TS Miter Gauge Question

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On 6/3/2016 7:10 PM, krw wrote:

When I remodeled the bathroom in my old house, I ripped out the false ceiling and lying on the ceiling, was beautiful pair of lineman's pliers. The house was around 50 years old then, and I still have them. I guess they are around 90 years old now.
Super quality and I bet the guy wondered where they went till the day he died. Although I have no clue who he was, I think of him, and thank him, every time I use them, which is quite often.
--
Jack
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Yeah that's dementia. LOL
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On 05/31/2016 8:43 AM, Bill Leonhardt wrote: ...

Having a PM Model 66, it's how things are intended to be! :)
I've used it that way for so long it's completely automagic to move it to the rear to remove when wanting to do so.
Personally, I find the extra stability _far_ outweighs the possible inconvenience (and, as noted, after 30 yr or so, you don't even think of it as inconvenient; it's only until you're trained (properly I might add :) ) it seems so.
Not that I have an opinion or anything... !:)
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On 6/1/2016 12:45 PM, dpb wrote:

LOL
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On Tuesday, May 31, 2016 at 8:43:45 AM UTC-5, Bill Leonhardt wrote:

t unless that end of the gauge bar is off the table.

back for cross cutting wide stock. In this case, the keeper keeps the far end of the gauge from rotating up as you start the cut.

how I’ve done business for a very long time.

I removed mine, but not because I did not like it. In fact it comes in rea ly handy when using a tenoning jig. But my outfeed table track does not ha ve the T slot and when it came to a choice between the slot or the outfeed table, the table won hands down. That table has saved me too many times.
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Widen your out feed track slot if you can, there is no need for that slot to be an exact fit.
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On 06/04/2016 9:05 AM, Leon wrote:

Just cut the tee there, too, presuming it's a wood top, or buy one of the insert t-tracks if don't want the slotting cutter--all that takes is widening the groove...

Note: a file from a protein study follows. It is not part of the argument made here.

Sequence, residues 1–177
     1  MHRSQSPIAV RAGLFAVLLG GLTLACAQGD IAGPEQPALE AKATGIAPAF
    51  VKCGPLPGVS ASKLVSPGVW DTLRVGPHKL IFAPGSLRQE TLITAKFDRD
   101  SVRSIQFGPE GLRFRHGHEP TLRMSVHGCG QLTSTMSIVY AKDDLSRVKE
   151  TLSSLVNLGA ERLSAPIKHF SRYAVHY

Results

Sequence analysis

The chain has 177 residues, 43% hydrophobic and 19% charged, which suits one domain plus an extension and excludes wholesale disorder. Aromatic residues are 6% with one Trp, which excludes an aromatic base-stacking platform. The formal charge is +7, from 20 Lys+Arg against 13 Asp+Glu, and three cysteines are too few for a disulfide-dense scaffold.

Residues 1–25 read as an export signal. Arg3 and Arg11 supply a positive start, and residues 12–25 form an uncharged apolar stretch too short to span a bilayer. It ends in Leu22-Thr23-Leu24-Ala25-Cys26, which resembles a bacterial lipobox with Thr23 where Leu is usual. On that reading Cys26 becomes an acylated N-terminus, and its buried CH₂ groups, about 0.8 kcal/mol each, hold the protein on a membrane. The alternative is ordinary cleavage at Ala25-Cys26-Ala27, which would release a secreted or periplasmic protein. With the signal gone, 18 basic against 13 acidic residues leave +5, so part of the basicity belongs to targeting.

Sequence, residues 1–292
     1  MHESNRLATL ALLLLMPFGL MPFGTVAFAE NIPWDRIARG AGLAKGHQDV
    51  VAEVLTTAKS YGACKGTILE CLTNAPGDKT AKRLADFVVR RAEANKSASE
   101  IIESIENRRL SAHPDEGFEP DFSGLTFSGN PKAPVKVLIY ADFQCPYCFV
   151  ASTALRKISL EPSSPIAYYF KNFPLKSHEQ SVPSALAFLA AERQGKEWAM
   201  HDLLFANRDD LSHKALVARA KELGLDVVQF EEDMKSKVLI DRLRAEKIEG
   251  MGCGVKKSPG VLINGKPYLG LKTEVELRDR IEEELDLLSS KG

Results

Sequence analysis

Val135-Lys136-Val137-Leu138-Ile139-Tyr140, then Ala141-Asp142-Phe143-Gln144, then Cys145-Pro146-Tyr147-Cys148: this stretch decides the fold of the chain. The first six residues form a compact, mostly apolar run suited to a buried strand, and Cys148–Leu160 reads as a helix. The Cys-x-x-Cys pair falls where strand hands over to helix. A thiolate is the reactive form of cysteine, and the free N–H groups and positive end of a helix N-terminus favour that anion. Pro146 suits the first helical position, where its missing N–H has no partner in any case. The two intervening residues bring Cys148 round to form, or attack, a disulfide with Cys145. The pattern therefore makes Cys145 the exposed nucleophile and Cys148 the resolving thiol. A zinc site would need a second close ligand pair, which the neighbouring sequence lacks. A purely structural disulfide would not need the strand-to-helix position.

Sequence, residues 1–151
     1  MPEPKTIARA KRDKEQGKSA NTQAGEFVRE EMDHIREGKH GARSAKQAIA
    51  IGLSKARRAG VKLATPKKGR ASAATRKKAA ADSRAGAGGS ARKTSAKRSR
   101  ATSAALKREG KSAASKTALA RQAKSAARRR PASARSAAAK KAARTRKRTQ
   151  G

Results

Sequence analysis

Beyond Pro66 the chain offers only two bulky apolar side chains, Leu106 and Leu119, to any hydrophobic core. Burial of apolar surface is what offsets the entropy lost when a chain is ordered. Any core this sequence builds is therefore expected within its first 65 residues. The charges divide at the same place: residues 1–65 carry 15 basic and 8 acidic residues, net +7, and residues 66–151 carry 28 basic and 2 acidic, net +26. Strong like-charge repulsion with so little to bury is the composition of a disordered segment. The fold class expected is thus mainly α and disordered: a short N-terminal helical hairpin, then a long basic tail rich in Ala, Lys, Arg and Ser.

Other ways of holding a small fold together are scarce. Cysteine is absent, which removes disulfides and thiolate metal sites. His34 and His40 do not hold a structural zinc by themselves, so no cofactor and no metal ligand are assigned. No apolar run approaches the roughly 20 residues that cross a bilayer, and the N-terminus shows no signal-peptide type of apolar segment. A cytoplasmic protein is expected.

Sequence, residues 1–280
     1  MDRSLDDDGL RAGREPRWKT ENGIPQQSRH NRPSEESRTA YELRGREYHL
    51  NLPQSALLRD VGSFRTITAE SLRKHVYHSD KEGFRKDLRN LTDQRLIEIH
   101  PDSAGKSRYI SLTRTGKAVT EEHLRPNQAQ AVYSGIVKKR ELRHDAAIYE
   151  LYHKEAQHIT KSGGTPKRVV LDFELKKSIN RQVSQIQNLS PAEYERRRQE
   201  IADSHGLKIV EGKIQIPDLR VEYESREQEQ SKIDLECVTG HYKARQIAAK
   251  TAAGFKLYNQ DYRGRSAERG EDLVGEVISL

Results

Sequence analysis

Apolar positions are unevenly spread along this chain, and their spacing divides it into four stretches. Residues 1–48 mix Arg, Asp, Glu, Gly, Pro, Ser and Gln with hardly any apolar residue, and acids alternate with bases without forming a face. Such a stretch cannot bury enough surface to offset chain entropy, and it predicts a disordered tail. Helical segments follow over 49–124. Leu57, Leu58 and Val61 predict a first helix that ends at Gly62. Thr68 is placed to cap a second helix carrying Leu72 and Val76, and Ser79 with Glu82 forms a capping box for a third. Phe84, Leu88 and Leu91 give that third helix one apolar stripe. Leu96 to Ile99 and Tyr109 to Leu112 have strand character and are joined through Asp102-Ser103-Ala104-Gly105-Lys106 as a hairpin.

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dpb wrote:

Not really. The out feed does not need to be an exact fit - just a place for the miter to run into. It can be 2" wider than your table saw slot and it will work just fine.
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-Mike-
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On 6/4/2016 12:09 PM, Mike Marlow wrote:

Correct! The TS table top does not have an extended miter slot to begin with, adding an out feed does not require there to be one added other from the fact that the bar needs room. So give it plenty of room.
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On 06/04/2016 1:11 PM, Leon wrote:
Ah, come on, guys...I didn't say it _HAS_ to, just offered an alternative. Give it a break.
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On 6/4/2016 5:37 PM, dpb wrote:

Not arguing, just trying to make it simpler. ;~)
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I once left a hammer in a wall I later sheetrocked. When I realized it, I opened the wall since it was one of my favorite hammers.
The contractor's assistant who framed and finished my kitchen left a hammer in the soffit over the cabinets. When he realized that, they decided to leave it.
To me, hammers that feel right are sacred. It would take more that a little sheetrock and extra spackle to leave one behind.